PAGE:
A British-Iranian woman accused of taking part in anti-regime protests in 2009 has been sentenced to five years in prison, her husband said today, but added that the specific charges had not been disclosed.
Nazanin Zaghari-Ratcliffe, who works for the Thomson Reuters Foundation and was arrested on April 3, called her husband Richard on Tuesday to inform him of her sentence, he said in a statement.
“Nazanin has been sentenced for five years’ imprisonment. The charges justifying this sentence remain secret,” he said.
Iran’s elite Revolutionary Guards earlier accused Zaghari-Ratcliffe of having taken part in the “sedition movement” of widespread protests that followed the 2009 re-election of former hardline president Mahmoud Ahmadinejad.
According to a Guards statement in June, Zaghari-Ratcliffe was “identified and arrested after massive intelligence operations” as one of “the heads of foreign-linked hostile networks”.
Iran does not recognise dual citizenship.
Britain earlier said it had raised the case “repeatedly and at the highest levels” and will continue to do so at “every available opportunity”.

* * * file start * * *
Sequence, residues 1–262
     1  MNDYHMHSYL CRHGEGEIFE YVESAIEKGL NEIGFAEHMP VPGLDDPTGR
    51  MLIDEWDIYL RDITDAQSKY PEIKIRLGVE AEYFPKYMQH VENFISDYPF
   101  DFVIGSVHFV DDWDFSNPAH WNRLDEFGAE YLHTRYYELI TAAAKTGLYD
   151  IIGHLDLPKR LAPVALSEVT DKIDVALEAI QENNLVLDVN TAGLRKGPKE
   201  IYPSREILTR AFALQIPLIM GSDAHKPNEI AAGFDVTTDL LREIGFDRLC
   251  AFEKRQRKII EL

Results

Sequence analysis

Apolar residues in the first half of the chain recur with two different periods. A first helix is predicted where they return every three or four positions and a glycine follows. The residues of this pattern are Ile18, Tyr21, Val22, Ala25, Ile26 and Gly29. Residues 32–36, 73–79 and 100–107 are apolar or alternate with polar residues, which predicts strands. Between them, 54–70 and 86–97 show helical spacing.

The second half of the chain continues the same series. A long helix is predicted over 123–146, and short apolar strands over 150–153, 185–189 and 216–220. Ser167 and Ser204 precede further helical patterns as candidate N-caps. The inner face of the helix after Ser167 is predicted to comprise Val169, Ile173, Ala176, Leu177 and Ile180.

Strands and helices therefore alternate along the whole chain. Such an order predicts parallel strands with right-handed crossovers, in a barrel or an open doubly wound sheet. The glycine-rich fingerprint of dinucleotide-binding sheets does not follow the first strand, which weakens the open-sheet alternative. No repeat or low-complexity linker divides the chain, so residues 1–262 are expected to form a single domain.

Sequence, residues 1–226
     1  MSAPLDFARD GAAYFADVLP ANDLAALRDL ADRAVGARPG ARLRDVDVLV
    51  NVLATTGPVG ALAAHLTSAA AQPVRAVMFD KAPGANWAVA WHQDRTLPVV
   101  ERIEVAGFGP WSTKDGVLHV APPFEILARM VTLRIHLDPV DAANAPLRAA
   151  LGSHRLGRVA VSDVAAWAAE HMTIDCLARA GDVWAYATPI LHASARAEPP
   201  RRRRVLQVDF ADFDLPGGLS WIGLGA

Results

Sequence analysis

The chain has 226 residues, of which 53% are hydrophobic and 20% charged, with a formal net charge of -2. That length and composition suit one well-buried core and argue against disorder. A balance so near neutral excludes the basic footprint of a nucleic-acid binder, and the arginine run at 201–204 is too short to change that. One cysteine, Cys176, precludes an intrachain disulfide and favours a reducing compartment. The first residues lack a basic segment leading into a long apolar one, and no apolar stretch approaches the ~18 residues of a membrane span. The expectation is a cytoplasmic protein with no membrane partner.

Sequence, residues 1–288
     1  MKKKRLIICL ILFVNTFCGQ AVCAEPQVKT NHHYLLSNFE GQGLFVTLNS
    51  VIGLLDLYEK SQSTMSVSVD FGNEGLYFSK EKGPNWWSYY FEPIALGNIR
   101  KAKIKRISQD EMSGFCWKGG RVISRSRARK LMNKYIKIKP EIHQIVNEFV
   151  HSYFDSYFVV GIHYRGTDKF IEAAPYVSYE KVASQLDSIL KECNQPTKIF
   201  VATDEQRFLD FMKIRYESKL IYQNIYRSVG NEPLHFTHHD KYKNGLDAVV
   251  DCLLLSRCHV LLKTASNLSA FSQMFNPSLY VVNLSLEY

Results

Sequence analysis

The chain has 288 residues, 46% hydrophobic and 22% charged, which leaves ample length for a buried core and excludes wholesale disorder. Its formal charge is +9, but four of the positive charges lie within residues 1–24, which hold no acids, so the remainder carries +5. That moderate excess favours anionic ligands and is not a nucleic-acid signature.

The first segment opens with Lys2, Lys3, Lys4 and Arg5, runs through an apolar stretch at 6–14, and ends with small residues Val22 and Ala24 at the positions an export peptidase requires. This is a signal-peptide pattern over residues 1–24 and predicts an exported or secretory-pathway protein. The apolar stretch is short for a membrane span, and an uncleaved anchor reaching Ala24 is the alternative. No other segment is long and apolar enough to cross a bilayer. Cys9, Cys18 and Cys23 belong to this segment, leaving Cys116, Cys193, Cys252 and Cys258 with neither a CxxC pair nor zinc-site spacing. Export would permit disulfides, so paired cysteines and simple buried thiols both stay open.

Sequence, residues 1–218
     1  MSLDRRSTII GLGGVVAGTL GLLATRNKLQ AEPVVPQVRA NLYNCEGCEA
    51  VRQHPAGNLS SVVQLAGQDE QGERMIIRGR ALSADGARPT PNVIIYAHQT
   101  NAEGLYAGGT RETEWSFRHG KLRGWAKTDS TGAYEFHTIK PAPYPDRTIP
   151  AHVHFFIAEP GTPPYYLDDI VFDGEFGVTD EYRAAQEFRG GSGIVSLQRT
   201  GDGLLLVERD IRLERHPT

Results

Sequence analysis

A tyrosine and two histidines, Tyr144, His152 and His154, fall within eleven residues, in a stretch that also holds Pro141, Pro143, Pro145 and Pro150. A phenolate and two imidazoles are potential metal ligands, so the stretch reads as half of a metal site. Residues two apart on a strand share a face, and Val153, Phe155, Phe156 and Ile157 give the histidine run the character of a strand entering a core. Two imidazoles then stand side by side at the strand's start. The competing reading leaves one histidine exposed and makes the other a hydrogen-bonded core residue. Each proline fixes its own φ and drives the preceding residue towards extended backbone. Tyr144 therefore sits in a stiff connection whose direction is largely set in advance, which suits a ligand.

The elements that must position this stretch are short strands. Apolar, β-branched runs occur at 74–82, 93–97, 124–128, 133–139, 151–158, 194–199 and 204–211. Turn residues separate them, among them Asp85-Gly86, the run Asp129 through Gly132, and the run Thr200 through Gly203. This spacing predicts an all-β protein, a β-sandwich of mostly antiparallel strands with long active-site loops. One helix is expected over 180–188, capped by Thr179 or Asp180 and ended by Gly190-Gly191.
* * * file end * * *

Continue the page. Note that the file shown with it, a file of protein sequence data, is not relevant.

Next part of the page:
At a rally outside the Iranian embassy in London in June, Richard Ratcliffe said his wife was arrested as she prepared to return to Britain with the couple’s daughter Gabriella after visiting family in Iran.
Gabriella was born in Britain and has a British passport, which was confiscated by the Iranian authorities, leaving her stranded with her grandparents in Iran.
Zaghari-Ratcliffe works for the Thomson Reuters Foundation, a charity organisation coordinating training programmes for journalists around the world.
“She has nothing to do with Iran in her work and the foundation doesn’t work with Iran anyway, so we have no idea why she has been detained for more than two months, first in isolation and then in a common cell,” foundation CEO Monique Villa told AFP in June.
“Now we don’t know because she seems to have disappeared from where she was.”